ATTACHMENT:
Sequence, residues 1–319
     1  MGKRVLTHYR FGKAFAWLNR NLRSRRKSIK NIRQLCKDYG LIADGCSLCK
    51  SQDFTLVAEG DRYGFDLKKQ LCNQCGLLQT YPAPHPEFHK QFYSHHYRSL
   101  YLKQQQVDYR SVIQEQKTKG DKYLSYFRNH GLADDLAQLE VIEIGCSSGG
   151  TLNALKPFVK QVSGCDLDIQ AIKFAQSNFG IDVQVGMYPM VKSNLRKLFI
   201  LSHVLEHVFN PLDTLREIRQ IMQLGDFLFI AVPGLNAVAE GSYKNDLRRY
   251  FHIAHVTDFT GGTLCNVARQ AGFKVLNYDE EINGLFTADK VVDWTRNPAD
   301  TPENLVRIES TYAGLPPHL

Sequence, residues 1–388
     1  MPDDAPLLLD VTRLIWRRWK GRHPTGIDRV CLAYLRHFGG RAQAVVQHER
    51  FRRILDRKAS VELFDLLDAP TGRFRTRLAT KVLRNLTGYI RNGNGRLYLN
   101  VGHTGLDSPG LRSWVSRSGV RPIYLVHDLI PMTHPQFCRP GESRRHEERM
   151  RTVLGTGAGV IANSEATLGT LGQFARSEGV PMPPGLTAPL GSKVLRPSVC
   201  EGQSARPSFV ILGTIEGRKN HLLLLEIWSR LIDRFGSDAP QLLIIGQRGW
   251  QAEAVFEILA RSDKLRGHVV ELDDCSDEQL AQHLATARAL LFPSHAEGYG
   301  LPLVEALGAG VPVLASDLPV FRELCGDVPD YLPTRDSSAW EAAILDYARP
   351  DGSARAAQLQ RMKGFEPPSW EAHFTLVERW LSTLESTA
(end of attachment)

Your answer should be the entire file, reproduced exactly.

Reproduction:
Sequence, residues 1–319
     1  MGKRVLTHYR FGKAFAWLNR NLRSRRKSIK NIRQLCKDYG LIADGCSLCK
    51  SQDFTLVAEG DRYGFDLKKQ LCNQCGLLQT YPAPHPEFHK QFYSHHYRSL
   101  YLKQQQVDYR SVIQEQKTKG DKYLSYFRNH GLADDLAQLE VIEIGCSSGG
   151  TLNALKPFVK QVSGCDLDIQ AIKFAQSNFG IDVQVGMYPM VKSNLRKLFI
   201  LSHVLEHVFN PLDTLREIRQ IMQLGDFLFI AVPGLNAVAE GSYKNDLRRY
   251  FHIAHVTDFT GGTLCNVARQ AGFKVLNYDE EINGLFTADK VVDWTRNPAD
   301  TPENLVRIES TYAGLPPHL

Sequence, residues 1–388
     1  MPDDAPLLLD VTRLIWRRWK GRHPTGIDRV CLAYLRHFGG RAQAVVQHER
    51  FRRILDRKAS VELFDLLDAP TGRFRTRLAT KVLRNLTGYI RNGNGRLYLN
   101  VGHTGLDSPG LRSWVSRSGV RPIYLVHDLI PMTHPQFCRP GESRRHEERM
   151  RTVLGTGAGV IANSEATLGT LGQFARSEGV PMPPGLTAPL GSKVLRPSVC
   201  EGQSARPSFV ILGTIEGRKN HLLLLEIWSR LIDRFGSDAP QLLIIGQRGW
   251  QAEAVFEILA RSDKLRGHVV ELDDCSDEQL AQHLATARAL LFPSHAEGYG
   301  LPLVEALGAG VPVLASDLPV FRELCGDVPD YLPTRDSSAW EAAILDYARP
   351  DGSARAAQLQ RMKGFEPPSW EAHFTLVERW LSTLESTA